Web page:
A New York Times investigation on horse breakdowns and jockey injuries at racetracks shows Minnesota's Canterbury Park has had fewer incidents than most tracks -- 3.2 incidents per 1,000 starts.
Canterbury spokesman Jeff Maday says maintaining the track's surface is important in preventing injuries.
"Having your track maintenance crew educated, trained, having the equipment to keep the track safe, it is a science, these guys are brilliant the way they work the track and maintain the surface to keep it safe. That is absolutely part of it," he said.
Maday says Canterbury had four horse fatalities last year but no jockeys were seriously injured. He says all horses competing at Canterbury are checked by a veterinarian the day of the race.
"We have high standards already, so that goes back to looking at each jurisdiction independently," Maday said. "So people that might want to operate on the fringes, you know, that might want to test the rules, they're not going to be in Minnesota, they're not going to be on a Minnesota race track."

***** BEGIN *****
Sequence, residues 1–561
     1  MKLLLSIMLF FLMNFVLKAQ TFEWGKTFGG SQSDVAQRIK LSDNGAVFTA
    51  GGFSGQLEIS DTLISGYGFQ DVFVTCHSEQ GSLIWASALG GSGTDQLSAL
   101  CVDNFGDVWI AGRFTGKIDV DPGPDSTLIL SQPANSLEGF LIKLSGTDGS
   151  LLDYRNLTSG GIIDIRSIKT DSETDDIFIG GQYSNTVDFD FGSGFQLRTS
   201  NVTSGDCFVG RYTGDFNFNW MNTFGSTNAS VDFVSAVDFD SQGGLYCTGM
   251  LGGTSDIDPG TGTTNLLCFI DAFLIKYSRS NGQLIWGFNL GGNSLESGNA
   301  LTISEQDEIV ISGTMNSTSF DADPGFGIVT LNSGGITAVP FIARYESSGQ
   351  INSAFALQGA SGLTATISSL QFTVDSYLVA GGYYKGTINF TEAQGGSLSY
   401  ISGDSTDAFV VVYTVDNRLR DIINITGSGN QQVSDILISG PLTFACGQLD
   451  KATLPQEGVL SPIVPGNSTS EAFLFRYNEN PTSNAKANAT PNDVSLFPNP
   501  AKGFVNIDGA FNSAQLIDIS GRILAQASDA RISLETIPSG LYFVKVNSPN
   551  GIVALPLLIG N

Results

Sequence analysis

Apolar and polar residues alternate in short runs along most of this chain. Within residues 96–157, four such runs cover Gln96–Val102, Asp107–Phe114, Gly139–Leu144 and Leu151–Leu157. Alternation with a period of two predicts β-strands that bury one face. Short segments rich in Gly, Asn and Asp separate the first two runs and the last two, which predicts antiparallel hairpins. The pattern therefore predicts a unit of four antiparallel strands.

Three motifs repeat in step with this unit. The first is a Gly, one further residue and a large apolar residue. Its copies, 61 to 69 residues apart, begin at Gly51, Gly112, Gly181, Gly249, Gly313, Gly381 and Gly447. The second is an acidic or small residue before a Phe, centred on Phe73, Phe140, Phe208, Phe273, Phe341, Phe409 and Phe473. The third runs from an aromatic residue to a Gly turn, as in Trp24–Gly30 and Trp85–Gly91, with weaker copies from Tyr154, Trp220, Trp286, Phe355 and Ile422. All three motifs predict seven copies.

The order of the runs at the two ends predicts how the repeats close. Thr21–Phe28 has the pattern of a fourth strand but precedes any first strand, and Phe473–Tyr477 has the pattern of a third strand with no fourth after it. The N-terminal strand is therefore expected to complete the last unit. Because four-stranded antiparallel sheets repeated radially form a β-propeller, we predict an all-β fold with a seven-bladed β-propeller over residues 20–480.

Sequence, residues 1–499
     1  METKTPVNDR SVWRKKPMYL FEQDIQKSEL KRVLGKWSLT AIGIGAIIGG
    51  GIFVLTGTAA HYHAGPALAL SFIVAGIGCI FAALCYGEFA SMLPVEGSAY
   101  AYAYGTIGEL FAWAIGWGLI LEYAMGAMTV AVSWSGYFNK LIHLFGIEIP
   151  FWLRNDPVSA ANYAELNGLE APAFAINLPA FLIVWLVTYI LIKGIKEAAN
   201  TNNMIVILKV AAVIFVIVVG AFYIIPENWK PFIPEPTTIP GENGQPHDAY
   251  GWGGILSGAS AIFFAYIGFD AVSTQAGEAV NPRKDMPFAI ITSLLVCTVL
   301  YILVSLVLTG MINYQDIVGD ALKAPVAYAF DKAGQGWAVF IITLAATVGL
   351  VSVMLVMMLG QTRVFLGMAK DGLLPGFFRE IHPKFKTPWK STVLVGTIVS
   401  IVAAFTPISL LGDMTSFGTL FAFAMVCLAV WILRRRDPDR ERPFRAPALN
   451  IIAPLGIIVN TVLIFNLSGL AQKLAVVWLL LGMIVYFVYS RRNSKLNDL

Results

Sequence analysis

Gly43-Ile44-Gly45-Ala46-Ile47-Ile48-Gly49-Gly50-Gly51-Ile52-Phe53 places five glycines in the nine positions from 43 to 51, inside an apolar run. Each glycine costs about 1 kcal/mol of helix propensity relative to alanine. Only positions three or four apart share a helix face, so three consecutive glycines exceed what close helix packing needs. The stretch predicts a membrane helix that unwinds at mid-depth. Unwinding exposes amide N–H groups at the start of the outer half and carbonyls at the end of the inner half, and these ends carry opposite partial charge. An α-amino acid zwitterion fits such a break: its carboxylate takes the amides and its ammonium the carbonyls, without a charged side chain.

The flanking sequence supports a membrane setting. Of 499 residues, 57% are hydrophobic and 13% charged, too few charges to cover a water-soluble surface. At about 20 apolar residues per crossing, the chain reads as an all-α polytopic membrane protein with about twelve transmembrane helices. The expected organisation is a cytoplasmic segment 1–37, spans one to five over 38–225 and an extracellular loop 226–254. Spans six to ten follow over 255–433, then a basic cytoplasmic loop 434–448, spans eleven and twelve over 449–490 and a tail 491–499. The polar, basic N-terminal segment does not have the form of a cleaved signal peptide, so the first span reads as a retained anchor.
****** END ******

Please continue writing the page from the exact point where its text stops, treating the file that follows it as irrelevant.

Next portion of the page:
The New York Times report shows that about 3,600 horses died racing or training at tracks across the country over the past three years. The report also showed higher incident rates at casino tracks, which are commonly called "racinos." Minnesota's horse racing industry, as well as some state lawmakers, has proposed opening a racino here.